6 ways to find money for your wedding

Paying for your wedding is hard going if you don’t have parents that are flush with cash, or you’re trying to save for a house at the same time as plan your big day. So if you’re not lucky enough to win lotto but still want to celebrate your wedding in style, then keep reading for some advice and ideas for how to find money to pay for your wedding day

6 ways pay for your wedding day

Your wedding day is a day to remember – let’s make sure it’s for the right reasons, and not the large credit card bill that turns up every month. Before you resort to shoulder tapping loan sharks, let’s brainstorm some creative ways to save and find money before your celebration.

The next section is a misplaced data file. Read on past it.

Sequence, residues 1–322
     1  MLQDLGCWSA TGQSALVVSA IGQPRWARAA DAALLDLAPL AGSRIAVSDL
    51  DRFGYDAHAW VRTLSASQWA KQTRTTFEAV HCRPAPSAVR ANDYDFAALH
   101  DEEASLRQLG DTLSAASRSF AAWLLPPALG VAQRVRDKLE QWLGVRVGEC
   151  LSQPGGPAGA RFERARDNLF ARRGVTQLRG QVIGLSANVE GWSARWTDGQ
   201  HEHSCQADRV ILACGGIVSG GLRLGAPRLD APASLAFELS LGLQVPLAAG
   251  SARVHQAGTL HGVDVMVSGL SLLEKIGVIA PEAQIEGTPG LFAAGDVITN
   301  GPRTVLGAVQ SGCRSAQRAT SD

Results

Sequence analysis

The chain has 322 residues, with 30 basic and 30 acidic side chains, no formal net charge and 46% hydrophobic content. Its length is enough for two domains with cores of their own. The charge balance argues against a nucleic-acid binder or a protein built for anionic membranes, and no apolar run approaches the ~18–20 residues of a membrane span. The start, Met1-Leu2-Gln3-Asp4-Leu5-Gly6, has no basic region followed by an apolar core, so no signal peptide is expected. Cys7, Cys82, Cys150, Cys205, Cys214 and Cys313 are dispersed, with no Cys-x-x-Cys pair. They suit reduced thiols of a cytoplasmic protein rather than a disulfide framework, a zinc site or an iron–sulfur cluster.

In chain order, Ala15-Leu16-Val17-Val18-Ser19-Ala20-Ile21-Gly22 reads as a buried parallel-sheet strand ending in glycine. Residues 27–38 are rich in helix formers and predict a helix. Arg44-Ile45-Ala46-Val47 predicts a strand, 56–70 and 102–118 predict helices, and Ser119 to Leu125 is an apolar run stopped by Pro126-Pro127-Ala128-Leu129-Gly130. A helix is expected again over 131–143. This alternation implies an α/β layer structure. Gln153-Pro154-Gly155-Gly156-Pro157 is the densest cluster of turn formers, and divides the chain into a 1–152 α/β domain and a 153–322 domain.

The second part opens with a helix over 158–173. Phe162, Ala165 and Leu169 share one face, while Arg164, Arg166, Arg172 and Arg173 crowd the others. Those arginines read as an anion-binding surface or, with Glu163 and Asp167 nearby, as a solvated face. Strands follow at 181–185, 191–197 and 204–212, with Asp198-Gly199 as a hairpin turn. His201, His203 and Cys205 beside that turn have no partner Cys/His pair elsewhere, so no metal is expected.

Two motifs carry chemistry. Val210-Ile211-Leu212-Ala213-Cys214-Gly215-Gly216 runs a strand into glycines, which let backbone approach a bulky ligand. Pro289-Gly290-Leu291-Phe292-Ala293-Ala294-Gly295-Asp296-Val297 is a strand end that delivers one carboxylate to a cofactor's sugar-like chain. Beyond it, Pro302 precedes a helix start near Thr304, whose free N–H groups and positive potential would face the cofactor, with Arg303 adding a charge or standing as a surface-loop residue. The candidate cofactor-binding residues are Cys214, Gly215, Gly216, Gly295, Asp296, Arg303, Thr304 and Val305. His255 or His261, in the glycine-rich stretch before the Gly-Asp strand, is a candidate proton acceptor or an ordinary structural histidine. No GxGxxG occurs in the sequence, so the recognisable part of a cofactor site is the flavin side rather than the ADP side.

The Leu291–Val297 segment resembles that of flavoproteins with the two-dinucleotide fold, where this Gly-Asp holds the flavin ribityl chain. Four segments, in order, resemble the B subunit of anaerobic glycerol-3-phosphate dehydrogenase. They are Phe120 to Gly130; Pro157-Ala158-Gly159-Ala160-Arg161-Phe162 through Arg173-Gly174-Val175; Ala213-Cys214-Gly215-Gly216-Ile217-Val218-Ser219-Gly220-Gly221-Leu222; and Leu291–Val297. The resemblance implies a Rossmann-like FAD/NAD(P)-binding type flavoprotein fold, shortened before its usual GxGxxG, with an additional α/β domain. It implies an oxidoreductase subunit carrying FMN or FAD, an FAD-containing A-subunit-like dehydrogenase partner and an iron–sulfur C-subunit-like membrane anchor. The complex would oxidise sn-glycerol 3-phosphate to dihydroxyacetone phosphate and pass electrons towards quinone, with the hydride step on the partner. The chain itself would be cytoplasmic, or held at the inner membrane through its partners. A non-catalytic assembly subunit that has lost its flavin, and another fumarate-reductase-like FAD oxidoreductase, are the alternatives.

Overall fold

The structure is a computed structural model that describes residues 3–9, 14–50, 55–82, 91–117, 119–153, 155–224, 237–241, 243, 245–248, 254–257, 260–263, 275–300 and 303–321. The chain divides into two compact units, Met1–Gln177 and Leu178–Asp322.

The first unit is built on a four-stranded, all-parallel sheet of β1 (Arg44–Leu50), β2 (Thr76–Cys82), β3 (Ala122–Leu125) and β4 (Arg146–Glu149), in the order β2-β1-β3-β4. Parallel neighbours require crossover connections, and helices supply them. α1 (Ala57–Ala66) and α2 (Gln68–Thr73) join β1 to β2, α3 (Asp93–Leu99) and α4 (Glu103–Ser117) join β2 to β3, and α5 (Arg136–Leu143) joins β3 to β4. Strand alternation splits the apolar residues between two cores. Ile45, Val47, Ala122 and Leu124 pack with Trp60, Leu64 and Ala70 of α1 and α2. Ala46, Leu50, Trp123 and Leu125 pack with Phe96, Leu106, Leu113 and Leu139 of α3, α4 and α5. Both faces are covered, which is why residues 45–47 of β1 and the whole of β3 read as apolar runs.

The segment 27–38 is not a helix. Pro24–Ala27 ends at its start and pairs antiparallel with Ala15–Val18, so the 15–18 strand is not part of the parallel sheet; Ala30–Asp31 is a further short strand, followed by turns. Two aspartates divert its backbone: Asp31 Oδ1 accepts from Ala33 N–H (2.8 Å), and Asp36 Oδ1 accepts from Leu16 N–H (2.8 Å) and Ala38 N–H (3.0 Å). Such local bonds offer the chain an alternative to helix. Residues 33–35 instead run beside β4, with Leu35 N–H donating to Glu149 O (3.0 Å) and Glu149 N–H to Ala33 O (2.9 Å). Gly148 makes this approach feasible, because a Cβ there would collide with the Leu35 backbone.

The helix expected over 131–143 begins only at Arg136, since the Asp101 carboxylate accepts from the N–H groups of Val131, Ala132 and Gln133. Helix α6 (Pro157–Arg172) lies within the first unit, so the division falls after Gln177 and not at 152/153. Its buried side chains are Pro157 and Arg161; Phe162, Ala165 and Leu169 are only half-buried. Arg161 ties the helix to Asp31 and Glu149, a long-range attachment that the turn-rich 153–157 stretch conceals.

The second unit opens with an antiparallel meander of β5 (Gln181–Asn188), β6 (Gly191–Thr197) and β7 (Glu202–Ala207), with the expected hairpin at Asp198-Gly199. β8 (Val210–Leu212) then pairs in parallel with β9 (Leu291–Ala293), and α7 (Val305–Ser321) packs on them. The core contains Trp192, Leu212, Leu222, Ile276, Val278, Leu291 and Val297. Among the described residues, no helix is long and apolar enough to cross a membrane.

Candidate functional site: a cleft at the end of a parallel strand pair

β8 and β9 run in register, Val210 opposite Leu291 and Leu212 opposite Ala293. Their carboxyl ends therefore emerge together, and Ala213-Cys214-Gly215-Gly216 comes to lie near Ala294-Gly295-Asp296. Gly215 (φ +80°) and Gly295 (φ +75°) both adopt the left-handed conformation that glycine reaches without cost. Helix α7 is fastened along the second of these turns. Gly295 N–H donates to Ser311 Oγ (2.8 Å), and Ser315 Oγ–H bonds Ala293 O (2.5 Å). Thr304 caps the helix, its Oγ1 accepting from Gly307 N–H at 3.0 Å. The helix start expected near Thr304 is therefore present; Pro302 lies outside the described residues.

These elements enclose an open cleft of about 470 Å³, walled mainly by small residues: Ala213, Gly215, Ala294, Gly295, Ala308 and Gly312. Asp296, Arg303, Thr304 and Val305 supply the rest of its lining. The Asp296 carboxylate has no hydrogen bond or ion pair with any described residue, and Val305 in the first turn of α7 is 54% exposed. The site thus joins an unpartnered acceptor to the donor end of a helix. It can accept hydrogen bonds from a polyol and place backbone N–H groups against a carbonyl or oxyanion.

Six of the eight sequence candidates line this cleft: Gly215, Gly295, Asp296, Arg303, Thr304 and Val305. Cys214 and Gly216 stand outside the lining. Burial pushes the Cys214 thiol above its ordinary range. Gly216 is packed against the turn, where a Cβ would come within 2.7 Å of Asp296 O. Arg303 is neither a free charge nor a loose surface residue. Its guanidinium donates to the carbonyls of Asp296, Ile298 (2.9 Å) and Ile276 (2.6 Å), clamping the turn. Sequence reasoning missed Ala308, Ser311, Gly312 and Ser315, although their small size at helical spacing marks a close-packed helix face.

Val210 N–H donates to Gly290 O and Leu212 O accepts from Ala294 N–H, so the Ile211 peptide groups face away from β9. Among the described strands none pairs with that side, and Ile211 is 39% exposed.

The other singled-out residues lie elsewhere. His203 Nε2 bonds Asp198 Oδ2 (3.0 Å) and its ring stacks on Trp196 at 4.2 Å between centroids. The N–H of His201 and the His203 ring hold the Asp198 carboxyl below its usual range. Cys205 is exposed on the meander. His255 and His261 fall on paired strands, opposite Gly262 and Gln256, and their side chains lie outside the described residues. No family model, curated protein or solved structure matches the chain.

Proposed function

Bear in mind that whatever way you chose, it is important that you discuss each decision and step with your future spouse. It’s going to be heaps easier if you’re both on board (and hey, this is great practice for married life).

First up – set a wedding budget

How much money do you actually need to find? I bang on and on about this, so if you’re a long time reader, feel free to skip to the next paragraph.

Plenty of people take a stab in the dark, or worse, play it by ear when it comes to their wedding budget. That’s a great way to get a nasty shock or an awkward situation. But you need to know how much your wedding might cost, to know how much you will have to pay for. Sit down and nut out how much you need, how much you have, and what your shortfall is. More details on how to set a wedding budget are available here or a great wedding budget template is available here too.

The $1,000 project